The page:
A gate now blocks the way as the line becomes Chilver House Lane as the route focuses the eye eastwards, and is private. If you want to avoid trespass, you need to divert north towards Spot Farm and follow the path to Grimston Warren and The Delfts. Next stop on the line would be Bawsey Junction and Bawsey Sidings.
The only way for me to get to this location without trespassing beyond reasonable limits, is to cross the ancient landscape of Grimston Warren. This place fascinates me too. It’s a landscape based on 130 odd million years of geology, but more recently shaped by glaciation dating back over 400 thousand years. As the ice lumbered forward from the west then retreated, it left a great mound of gravels and sands, surrounded by bogs and mire, with pockets of ironstone and other minerals that would all attract mankind. Ancient heathland would have seen grazing and iron working as far back as the technology existed; just one look today reveals human activities from across history – forestry, wartime military activity, and mineral extraction. You can’t get to the next section of the walk from the sidings without going to Pott Row – this description simply follows how the trains ran. The route for walking is at the end of the blog.
These maps show the expansion of the workings over twenty years until 1905. Below shows the same area, including Bawsey Junction, but as a modern LIDAR image.
It’s no longer possible to trace most of the tramway as per the maps above, but it intrigues me whether the quarry was a commercial operation supplying minerals for the locality, or whether the extractions were used in the construction of the line as it crossed the boggy ground of Roydon Common. I’ve not been able to find a source for the answer. Today it’s not possible to access the line from within the Warren at this point; as described you have to come at it from Pott Row or Spot Farm. It’s a great place to just stand and think about the men and horses who worked here all that time ago.
From here on, the journey would take you to Roydon, Hillington, Little Massingham, Rudham, Raynham Park and Fakenham West. Our last contact with the line on our Coronavirus walk gets us only as far as Common Road at Pott Row and the much renovated gatekeepers cottage where we turn west again and follow Sandy Lane back towards home.
So there we have it. It’s been my release valve from the pressures in my head. I’d not thought what my imagination would lead me to as the early stages of the lockdown kicked in, and I’m not sure when this living madness will end, but the one positive of my incarceration has been the time allowed to get out and walk in places I’d normally not bother with because it was too close, and just a bit too difficult to bother with. I’ve added short walks and long walks together, piece by piece, on hot days and cold. Some days I’ve just walked out there to clear my head and not thought about piecing the route together; on others I’ve gone just to take one specific picture, just to fill time.
The whole route, from my house, is about 14km. It’s not a simple circular walk because of the access problems getting onto the railway lines from the closest footpath, and on the section to the river bridge you have to retrace your steps. That’s not a bad thing considering how quiet and lovely it is, and how close you are to a Saxon/Medieval Tricket Mill or Tile Kiln – not that you’d realise today. At any point you can find a view across the fields or heath and valley floor and imagine Mesolithic, Neolithic, Roman, Saxon or Norman civilisation when the landscape allowed little boats to come right up from Gaywood to the little hill settlements that nestled on the low mounds among the fens. Alternatively, you can listen for the echoes of the 4-4-0 steam trains rattling the farm produce to and from Lynn, or the sound of men and horses in the stone pits across the heath.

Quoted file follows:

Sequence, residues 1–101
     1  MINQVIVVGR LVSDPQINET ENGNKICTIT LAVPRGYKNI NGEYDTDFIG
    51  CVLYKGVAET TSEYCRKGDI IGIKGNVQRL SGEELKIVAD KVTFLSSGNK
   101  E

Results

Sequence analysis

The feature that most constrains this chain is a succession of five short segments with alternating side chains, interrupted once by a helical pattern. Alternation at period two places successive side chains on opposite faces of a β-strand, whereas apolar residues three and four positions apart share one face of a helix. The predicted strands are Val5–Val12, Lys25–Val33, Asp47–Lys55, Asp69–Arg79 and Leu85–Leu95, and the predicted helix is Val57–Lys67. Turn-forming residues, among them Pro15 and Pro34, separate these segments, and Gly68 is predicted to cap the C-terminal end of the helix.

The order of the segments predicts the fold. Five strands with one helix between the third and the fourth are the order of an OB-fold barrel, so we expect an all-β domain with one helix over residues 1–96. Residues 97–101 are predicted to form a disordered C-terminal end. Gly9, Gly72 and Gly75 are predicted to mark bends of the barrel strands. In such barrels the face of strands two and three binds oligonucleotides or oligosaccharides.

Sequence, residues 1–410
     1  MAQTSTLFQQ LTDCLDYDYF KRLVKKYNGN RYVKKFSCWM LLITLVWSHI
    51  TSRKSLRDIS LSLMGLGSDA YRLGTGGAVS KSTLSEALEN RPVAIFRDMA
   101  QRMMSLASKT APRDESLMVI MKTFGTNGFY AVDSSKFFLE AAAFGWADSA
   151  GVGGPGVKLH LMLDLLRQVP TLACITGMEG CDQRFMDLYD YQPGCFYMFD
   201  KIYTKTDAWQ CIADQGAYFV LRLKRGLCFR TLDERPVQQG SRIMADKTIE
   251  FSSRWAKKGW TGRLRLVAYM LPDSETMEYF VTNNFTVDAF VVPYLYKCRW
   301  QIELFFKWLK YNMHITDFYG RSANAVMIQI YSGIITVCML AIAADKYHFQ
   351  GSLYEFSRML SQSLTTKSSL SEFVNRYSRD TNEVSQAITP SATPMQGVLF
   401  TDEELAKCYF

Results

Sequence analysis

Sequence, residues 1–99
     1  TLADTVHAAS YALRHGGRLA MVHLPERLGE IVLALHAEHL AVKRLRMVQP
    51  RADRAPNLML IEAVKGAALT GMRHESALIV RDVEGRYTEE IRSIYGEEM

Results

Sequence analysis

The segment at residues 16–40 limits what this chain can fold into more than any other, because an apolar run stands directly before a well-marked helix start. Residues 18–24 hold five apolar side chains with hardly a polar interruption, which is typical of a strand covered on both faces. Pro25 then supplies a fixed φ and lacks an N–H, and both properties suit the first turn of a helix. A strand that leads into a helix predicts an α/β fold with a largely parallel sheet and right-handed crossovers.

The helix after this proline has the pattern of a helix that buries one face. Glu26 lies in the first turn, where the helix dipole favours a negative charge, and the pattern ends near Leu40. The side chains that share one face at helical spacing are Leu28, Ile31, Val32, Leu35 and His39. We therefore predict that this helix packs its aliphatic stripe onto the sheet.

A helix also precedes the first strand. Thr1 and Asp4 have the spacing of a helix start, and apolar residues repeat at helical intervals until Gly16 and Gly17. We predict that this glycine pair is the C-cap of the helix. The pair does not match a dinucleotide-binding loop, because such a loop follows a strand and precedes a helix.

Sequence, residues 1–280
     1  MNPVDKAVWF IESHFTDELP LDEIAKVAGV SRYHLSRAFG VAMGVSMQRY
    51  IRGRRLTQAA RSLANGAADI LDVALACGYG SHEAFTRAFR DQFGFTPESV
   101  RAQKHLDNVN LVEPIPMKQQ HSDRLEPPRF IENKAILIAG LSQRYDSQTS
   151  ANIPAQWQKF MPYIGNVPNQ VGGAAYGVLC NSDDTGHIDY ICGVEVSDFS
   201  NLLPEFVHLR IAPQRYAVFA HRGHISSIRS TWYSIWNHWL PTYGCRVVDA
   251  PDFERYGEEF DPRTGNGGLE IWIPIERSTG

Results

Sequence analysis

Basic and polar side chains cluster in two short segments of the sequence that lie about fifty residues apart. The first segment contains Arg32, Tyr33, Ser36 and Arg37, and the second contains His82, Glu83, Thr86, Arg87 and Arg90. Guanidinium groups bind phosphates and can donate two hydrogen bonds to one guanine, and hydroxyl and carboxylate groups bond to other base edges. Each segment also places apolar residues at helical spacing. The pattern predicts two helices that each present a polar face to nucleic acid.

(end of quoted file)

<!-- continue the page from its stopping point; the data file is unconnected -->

I’m sort of running out of ideas now, but the gadget I wear to confirm I’m alive tells me I’ve walked the dog over 400km since March 23rd, sometimes just for the sake of walking. If this had been over a century ago, I could have caught the train, but that’s progress for you.
I guess I’m lucky living where I do, but it makes me think that whatever (lack of) help we’re getting to cope with all this, we’ve all got our surroundings to look at. Maybe one thing this craziness will teach us is that if we all slow down a bit, open our eyes and walk as far as we can, there is always something to see that we hadn’t seen before that’s worth seeing, and it might just stop us all from going mad. If you’re one of those who can’t get out, I hope this has helped your mind to escape the bounds of your confinement, just for a little while.
6 thoughts on “Lockdown Railway Walks”
Hi. My Dad is not great on the internet but I sent him a link to this post as he grew up in Gaywood and now has an interest in disused rail lines and stations.
He still lives in Gaywood and is so interested in doing your walk.
Thank you for posting.
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I’m glad he found it interesting. lots happening since I wrote this with cable works going on
Excellent & informative blog – thank you.
I lived in Gaywood before the A149 ‘Queen Elizabeth Way’ & The Queen Elizabeth Hospital were built. As children, we used to wander over the farmland to the ruins of the church of St James & beyond and I remember travelling on the Fakenham to South Lynn railway from Massingham in the late 50’s.
I have also searched for remnants of Waveland Farm & Bawsey Junction but due to the overgrowth & trees there now, have found nothing.
Surely there must be some physical evidence of their existence?
Morning Gary, sadly there’s nothing of Waveland Farm to see other than the odd scrap of rubble.
And nothing of the old signal boxes?
It’s difficult to say beneath the undergrowth, but not much